Here’s a new paradigm to try: have a fiesta without having a feast. The word “fiesta” originates from the word festus which is Latin for “joyous.” The essence of a holiday is celebration. Eating is but one way to celebrate. Try to experiment with celebrating a single holiday in a way that is not food-centered, in a manner that is joyous but not necessarily gluttonous. Pick one of the many calendar holidays or personal events, and make it a fiesta, not a feast. For example, instead of going out to eat to celebrate your birthday, have a picnic. Eat, commune with nature, throw a Frisbee. This way you’ll have a celebration that will involve some eating but will not be primarily food-focused. With Thanksgiving coming up you have a perfect opportunity to try out this kind of celebration mentality.
Start simple: if a particular heavy-eating event has been a long-standing tradition (such as a family reunion), then it is best you leave it alone, as it is (at least, for now). Practice this fiesta-not-feast mentality on a more personal occasion in which your wishes for the format of the celebration are fundamentally your prerogative. Relational anniversaries and birthdays are perfect opportunities to experiment. Aim to develop a standing tradition of celebrating some of the calendar and personal events in a non-food-focused manner.
Reading about mindful eating can get you only so far. Just like reading about what “sweet” is. At some point, you have to set aside all these books on mindful eating, all these descriptions of mindful eating (this post included), and set a precedent of mindful eating.
Here’s what Chogyal Norbu has to say on this point:
“We don’t understand in an intellectual way how sugar tastes. If we have never had the experience of sugar, we don’t know what ‘sweet’ is. We can read many books introducing us to the meaning of ‘sweet,’ and we can learn and construct many ideas, but we can never have a concrete experience of ‘sweet’ in this way.” But: “If we get a small piece of chocolate and place it on our tongue, we can have a concrete experience.” (Dzogchen Teachings, 2006, p. 113).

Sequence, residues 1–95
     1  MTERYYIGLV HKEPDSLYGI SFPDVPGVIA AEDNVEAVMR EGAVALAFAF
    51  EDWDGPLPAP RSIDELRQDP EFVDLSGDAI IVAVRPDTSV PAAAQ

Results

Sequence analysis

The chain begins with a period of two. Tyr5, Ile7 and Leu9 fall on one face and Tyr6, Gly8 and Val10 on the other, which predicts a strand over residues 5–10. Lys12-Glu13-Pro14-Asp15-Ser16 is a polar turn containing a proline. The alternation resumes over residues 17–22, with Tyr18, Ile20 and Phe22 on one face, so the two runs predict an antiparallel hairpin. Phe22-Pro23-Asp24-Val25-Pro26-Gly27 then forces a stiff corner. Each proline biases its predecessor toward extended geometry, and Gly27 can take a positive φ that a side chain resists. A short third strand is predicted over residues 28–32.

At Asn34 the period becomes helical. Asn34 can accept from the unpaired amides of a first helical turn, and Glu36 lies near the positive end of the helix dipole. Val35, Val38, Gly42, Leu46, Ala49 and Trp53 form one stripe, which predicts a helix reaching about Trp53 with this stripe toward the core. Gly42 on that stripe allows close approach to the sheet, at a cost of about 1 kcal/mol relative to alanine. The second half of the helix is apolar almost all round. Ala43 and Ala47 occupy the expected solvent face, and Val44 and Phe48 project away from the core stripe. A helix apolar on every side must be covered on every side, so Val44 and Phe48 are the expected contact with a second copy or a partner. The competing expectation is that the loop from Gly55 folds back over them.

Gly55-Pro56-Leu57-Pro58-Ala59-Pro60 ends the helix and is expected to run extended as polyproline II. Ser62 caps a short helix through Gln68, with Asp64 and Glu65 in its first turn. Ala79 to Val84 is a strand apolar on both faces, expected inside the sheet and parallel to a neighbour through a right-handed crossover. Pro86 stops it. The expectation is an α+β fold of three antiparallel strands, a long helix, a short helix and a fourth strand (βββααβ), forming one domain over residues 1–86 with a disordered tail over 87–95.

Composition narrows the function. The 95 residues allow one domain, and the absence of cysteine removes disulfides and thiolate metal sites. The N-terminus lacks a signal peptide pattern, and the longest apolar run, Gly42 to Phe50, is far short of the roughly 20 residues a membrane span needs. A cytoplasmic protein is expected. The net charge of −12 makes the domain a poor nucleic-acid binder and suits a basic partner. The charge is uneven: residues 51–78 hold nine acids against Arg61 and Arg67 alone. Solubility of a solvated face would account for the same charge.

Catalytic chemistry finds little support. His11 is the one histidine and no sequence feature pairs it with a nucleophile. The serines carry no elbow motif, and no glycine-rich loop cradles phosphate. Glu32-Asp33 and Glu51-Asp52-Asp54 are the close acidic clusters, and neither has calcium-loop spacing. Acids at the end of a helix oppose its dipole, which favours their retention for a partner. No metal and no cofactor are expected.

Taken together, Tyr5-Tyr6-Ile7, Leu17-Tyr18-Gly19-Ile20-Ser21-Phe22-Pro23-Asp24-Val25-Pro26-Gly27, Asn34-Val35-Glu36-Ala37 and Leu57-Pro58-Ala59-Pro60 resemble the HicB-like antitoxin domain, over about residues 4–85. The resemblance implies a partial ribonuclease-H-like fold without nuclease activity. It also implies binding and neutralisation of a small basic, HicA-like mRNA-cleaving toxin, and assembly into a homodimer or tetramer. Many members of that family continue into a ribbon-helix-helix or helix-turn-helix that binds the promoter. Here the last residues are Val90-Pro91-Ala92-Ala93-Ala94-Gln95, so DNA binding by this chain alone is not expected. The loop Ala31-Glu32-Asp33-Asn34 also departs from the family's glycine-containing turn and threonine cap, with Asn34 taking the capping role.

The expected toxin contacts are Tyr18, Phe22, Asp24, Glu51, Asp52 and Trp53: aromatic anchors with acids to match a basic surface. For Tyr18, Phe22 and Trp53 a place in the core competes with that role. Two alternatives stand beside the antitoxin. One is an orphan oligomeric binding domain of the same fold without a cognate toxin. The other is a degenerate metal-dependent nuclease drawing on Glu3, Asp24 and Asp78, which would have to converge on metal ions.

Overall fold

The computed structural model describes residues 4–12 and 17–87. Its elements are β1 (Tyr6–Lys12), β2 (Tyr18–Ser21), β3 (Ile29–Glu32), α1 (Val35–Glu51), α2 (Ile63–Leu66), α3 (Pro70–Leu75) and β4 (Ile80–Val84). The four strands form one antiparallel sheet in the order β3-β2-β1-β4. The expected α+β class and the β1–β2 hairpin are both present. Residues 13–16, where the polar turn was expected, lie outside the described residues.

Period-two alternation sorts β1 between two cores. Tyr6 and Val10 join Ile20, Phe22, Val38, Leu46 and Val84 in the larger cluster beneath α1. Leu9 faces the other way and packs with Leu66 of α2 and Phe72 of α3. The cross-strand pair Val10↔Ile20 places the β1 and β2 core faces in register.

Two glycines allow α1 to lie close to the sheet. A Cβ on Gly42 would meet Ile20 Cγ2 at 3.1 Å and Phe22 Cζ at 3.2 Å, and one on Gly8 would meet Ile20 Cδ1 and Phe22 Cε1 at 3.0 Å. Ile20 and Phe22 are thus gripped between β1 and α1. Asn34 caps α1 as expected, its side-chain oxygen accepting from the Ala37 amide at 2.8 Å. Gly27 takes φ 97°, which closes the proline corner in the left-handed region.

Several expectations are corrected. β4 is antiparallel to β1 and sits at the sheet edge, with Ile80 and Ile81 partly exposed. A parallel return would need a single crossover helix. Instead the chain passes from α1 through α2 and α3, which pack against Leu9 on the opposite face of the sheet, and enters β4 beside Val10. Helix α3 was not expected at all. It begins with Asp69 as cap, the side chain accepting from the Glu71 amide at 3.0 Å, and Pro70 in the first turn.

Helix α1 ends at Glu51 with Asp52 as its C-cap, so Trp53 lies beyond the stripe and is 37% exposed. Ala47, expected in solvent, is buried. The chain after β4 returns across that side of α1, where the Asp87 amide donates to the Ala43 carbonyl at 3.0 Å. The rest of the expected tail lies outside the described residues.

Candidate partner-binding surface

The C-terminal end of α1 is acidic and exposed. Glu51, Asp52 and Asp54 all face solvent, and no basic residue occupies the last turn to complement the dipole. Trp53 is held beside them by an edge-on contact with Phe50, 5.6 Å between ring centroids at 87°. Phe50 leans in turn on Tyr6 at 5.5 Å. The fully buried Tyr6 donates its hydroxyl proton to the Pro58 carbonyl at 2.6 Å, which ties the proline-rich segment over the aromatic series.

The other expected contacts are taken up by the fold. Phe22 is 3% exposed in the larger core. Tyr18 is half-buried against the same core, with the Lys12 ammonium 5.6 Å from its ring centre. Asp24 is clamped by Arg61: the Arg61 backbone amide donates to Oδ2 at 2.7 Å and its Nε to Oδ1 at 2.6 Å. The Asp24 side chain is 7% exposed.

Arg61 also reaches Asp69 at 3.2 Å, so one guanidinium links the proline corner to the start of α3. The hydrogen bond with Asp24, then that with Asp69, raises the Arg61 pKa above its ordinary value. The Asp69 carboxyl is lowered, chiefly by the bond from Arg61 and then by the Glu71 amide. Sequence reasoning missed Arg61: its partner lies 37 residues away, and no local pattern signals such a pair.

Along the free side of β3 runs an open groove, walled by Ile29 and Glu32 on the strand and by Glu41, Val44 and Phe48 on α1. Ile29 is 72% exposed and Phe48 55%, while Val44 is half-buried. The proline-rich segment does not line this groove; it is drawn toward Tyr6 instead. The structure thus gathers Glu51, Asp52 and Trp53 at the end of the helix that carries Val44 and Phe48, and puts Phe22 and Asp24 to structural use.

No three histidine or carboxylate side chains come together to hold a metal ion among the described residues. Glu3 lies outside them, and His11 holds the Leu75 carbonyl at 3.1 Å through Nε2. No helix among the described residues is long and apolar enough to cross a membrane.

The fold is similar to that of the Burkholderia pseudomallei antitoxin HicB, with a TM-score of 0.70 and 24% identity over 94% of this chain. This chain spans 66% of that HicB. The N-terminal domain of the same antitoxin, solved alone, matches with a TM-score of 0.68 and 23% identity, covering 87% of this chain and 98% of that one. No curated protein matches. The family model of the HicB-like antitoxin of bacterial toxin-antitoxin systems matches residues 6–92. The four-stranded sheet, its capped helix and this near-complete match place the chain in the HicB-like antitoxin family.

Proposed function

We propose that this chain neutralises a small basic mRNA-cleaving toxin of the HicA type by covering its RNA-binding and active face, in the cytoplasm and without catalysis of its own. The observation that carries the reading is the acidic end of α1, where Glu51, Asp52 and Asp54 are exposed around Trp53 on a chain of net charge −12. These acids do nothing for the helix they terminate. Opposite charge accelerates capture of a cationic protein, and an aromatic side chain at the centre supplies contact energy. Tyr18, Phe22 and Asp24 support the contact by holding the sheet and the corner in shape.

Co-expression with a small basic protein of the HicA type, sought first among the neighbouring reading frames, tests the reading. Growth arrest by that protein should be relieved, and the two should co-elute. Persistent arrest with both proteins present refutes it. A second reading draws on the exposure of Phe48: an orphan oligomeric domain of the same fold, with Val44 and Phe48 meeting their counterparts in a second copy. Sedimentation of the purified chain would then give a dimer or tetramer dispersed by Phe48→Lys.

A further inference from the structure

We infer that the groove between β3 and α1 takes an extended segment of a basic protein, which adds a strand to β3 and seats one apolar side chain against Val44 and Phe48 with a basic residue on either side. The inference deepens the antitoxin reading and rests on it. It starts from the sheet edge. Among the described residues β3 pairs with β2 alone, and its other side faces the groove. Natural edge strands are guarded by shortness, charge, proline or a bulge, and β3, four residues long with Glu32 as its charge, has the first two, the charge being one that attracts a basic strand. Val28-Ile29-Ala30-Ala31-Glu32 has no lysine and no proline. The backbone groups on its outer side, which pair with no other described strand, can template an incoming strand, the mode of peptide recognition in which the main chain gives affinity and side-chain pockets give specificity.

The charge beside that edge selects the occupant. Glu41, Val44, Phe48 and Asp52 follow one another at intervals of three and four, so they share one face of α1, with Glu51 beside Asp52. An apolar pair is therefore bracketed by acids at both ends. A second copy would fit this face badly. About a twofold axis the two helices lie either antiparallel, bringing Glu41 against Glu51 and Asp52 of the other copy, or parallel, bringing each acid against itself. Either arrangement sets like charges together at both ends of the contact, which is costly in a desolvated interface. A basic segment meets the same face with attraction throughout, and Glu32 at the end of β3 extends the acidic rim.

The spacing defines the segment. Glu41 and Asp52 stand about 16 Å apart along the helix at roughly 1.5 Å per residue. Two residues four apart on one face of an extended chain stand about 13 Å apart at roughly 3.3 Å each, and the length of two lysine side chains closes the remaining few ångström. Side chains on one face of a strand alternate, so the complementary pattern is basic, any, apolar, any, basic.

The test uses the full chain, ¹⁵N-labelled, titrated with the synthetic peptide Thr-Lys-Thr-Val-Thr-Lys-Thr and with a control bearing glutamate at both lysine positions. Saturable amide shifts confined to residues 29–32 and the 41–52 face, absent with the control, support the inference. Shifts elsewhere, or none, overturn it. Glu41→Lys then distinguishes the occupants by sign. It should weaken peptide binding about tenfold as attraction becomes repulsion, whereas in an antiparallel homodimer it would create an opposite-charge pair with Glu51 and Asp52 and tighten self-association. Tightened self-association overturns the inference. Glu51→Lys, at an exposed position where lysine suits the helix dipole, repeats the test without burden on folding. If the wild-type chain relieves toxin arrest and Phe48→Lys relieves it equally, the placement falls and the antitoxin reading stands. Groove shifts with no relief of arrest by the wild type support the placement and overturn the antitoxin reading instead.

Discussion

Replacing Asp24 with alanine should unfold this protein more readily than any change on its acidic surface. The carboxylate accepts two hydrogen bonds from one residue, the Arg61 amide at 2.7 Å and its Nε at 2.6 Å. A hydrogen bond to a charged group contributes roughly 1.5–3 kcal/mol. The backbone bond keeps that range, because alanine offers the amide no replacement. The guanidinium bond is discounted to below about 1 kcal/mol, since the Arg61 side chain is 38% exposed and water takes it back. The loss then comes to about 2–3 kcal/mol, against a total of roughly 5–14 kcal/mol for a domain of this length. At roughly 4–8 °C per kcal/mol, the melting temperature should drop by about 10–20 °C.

So, here’s what I propose to you now: put whatever you are doing aside (of course, if you can) and go have a bite of something… mindfully. Remember to open your mind before you open your mouth. Set a precedent of mindful eating and then read about it.
Sarvepalli Radhakrishnan and Charles Moore write in “Indian Philosophy:”
“There is no such thing as pure awareness, raw and undigested. It is always mixed up with layers of interpretation.” (1957, p. 623).
Do you agree? I don’t. So, go grab a bite to taste. Bury yourself in the experience deep enough to forget that you can even think. Slow down to a mind-still. Taste yourself tasting whatever it is you are tasting. Let your interpretations of what is going on vanish raw and undigested. Bungee-jump into your next mouthful like there is no tomorrow.
“Two birds with fair wings, inseparable companions,
have found a refuge in the same sheltering tree.
One incessantly eats from the peepal tree;
the other, not eating, just looks on.”
This verse is from Rg Veda (or Rigveda), an ancient Indian text of sacred hymns. What is this enigmatic passage about? Who is this “other” bird that is not eating and just looking on? While mindful eating is a wonderful vehicle for weight maintenance, it is also an invaluable platform for daily meditation. Eating …